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As I said in the opening slide, I think that the Mets lineup is very underrated by the public. People might think this is being a little bias, but I simply believe it's because I have been able to watch the lineup play every day, while most people only see it when the Mets are playing their favorite team.
Daniel Murphy is a great contact hitter and has a swing that should allow him to maintain a good average. Murphy's .320 average last season was aided by a high BABIP, but his line drive swing is the type of swing that routinely turns in high averages.
David Wright, when healthy, is one of the top hitting third basemen in baseball. His numbers from last year don't look good, as far as his career is concerned, but he was never really fully healthy for a long stretch of time. Wright had a significant back injury last season, and back injuries tend to really linger for hitters. Even when he came back "healthy," in all likelihood, it still bothered him at the plate.
Ike Davis was well on his way to a breakout season before going down with a freak injury in May. Davis was hitting .302 with seven home runs and 25 RBI in the beginning of May, before colliding with David Wright and missing the rest of the season.
Jason Bay has had a rough time of it since coming to the Mets, there is no denying that. All that Mets fans can do is hope that the closer walls will help Bay relax and get more comfortable at the plate so he gets back to his old form.
Like Daniel Murphy, Lucas Duda also has a very sweet line-drive swing that should produce a high average. Unlike Murphy, Duda also has some real power to go along with that swing. Duda is a guy who .300 and 25 homers could be in the near future for.
Looking at the middle of this lineup, there is some real potential for a good lineup there. It's certainly nothing to scoff at. The lineup should help the Mets win more than a few games this season.
No. 3: Bullpen Additions
Frank Francisco may not be one of the best closers in the league, but what he is, is a consistent one. That's what the Mets truly lacked last year, was a guy that came in, in the ninth inning and finished the game eight or nine times out of 10.
In addition to Francisco, the Mets also added Jon Rauch and Ramon Ramirez. Rauch has been up and down lately, but is still a quality major league pitcher, and Ramirez was a terrific reliever last season for the Giants.
Another thing these additions do is allow Parnell to move back to being a regular reliever, because we all saw last season that closing was just not something that was going to work for him. However, as a regular reliever, Parnell did well last year and should be able to develop a little more.
The Mets were tied for fifth in the league last season with 24 blown saves. If you take even three of those blown saves away, the Mets are a .500 ball club. This new bullpen is definitely going to give the Mets a few wins that last year's bullpen cost them.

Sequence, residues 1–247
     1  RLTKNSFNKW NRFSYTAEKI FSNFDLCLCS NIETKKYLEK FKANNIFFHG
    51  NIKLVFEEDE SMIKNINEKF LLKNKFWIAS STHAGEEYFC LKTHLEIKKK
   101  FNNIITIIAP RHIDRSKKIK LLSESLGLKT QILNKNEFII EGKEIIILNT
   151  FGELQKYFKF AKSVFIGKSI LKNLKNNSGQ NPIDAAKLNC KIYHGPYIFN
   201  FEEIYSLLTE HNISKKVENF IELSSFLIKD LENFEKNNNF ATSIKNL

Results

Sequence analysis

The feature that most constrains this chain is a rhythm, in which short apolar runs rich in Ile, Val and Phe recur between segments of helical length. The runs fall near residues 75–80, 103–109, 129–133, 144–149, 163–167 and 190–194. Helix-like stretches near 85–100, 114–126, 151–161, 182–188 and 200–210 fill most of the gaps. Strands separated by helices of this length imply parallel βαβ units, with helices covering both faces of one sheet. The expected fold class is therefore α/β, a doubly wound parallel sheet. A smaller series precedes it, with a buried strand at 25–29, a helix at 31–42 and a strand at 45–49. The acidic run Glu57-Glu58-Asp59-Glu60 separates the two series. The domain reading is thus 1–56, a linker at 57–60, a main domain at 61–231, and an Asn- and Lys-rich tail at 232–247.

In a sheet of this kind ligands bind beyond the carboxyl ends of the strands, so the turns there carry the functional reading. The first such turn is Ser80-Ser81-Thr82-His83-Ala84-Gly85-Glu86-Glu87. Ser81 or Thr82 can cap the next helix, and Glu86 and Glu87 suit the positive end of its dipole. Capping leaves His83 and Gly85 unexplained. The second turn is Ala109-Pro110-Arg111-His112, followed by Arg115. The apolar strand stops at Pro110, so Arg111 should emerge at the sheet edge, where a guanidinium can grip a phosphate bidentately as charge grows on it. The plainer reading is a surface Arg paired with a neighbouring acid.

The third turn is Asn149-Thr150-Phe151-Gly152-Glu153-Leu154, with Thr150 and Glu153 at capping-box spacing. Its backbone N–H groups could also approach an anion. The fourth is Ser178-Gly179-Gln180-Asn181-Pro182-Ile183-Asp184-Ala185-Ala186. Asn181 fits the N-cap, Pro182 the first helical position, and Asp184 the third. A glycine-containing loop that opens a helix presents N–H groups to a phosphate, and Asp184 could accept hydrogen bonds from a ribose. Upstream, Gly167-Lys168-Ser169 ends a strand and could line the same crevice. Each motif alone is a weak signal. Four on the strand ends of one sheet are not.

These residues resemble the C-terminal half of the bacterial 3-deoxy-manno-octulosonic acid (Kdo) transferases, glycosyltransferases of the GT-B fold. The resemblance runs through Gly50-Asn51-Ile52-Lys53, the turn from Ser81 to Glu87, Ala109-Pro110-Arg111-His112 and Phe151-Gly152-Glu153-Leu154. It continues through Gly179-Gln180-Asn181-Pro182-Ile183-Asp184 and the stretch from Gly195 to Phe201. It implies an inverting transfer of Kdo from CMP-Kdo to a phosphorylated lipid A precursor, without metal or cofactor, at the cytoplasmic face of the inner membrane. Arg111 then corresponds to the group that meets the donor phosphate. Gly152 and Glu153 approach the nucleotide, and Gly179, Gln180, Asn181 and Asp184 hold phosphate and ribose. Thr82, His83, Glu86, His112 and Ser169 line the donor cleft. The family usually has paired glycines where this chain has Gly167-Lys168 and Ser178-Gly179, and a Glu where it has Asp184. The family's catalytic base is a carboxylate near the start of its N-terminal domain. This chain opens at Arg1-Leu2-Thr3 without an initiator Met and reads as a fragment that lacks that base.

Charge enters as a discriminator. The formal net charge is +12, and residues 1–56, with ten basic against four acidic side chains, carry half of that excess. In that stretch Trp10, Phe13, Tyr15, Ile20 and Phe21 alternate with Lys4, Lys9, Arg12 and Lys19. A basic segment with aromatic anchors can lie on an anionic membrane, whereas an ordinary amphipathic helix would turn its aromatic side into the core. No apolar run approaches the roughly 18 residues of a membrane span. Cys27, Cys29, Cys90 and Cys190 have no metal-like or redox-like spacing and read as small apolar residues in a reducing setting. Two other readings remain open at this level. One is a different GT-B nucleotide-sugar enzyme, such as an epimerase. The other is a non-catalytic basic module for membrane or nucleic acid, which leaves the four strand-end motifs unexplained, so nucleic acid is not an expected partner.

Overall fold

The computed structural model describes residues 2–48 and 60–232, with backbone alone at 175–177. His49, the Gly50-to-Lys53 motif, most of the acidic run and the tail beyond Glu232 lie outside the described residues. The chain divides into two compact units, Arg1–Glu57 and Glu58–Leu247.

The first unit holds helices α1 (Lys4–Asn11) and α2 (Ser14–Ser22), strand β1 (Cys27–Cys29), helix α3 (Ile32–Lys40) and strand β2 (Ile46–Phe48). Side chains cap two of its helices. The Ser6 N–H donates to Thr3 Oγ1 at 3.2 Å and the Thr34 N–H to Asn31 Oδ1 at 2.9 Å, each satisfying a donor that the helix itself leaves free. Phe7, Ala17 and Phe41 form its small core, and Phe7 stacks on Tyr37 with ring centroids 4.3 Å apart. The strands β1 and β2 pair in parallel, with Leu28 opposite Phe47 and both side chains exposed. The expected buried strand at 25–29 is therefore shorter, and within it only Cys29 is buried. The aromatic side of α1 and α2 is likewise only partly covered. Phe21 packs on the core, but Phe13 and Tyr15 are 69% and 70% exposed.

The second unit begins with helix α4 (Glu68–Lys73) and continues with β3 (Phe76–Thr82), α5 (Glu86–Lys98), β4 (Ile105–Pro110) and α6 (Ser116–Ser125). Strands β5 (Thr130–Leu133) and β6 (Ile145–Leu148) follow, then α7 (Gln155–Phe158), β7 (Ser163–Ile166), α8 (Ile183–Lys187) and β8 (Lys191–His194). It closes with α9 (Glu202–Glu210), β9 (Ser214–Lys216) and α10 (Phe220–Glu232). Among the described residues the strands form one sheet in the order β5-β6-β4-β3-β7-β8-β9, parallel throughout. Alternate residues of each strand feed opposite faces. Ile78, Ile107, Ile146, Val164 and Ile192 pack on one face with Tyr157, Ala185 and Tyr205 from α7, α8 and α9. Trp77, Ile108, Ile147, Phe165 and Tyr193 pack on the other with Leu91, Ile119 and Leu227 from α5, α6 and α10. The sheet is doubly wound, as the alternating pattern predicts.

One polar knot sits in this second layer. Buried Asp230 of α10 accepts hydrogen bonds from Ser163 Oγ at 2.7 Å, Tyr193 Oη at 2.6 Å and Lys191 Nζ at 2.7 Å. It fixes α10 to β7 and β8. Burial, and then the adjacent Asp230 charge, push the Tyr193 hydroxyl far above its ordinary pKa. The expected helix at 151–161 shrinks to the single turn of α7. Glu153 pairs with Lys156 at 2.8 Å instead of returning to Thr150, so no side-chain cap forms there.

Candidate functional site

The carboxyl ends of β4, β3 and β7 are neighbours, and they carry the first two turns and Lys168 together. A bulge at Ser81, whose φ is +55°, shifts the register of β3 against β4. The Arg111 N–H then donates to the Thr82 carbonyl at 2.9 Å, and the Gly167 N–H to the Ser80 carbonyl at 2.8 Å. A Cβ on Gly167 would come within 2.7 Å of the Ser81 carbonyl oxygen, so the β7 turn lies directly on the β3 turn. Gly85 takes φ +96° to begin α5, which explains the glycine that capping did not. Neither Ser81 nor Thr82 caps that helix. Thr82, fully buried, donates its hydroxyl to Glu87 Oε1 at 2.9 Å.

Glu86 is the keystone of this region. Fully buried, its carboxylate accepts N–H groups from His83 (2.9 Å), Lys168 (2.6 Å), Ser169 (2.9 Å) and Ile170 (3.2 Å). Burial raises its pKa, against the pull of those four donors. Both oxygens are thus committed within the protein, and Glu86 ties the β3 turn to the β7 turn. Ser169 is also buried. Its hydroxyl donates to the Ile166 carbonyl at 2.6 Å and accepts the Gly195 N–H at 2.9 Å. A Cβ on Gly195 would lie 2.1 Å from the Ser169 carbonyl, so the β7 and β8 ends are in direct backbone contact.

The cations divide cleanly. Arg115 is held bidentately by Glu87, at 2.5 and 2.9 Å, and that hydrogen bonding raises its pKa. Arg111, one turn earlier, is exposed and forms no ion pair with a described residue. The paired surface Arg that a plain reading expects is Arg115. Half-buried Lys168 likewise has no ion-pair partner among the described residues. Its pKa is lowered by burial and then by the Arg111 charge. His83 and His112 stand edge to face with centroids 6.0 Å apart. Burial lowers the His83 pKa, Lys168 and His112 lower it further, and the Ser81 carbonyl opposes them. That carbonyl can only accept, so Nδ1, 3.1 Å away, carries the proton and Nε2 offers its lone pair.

No. 2: Johan Santana
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I know he missed all of 2011 with a pretty significant injury, but it's like people are forgetting that before that happened, he was still one of the best pitchers in baseball.
In 2010, Santana posted a 2.98 ERA in 199 innings. In those 199 innings, he only struck out 144 batters, proving that he didn't need to be a dominate strikeout pitcher in order to be extremely effective. The reason I bring that up is because a lot of people believe that after missing an entire season with the injury he had, Santana isn't going to have the same strikeout type "stuff."
Getting Santana back after an entire year missed is basically like gaining a big free-agent signing. Santana instantly boosts any team he joins, and the Mets are no exception.
Things are looking promising already, as Santana's bullpen sessions have gone even better than expected, and now, it looks like he's going to be on track to start Opening Day. Maybe the Mets luck has finally turned.
No. 1: Expectations Are so Low
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Even if the Mets suffer some more injuries and some of the young players don't develop and some of the veteran players don't have good seasons, the expectations are so low for the Mets, it would be hard not to exceed them.
Like I said, I've seen predictions for the Mets as low as 65-70 wins. Now, these were far from expert predictions, but this is talking about expectations for the Mets, as in what people expect. If people are expecting 65-70 wins from this Mets team, then I would find it extremely hard to believe that the Mets wouldn't surpass that.
Even with all of the injuries that happened last season, to really their four best players (Davis, Wright, Reyes, Murphy), not to mention Santana missed the whole year, the Mets won 77 games and would have won even more if not for a terrible bullpen, which has been addressed. That's what I understand least about these predictions for the Mets, is that people forget that a team that was missing some key components for a lot of games, still won 77 games.
The Mets may end up not having a great year, although I believe they will have a very good one, but I find it very hard to believe that they would win less than 75 games, no matter the circumstances that arise.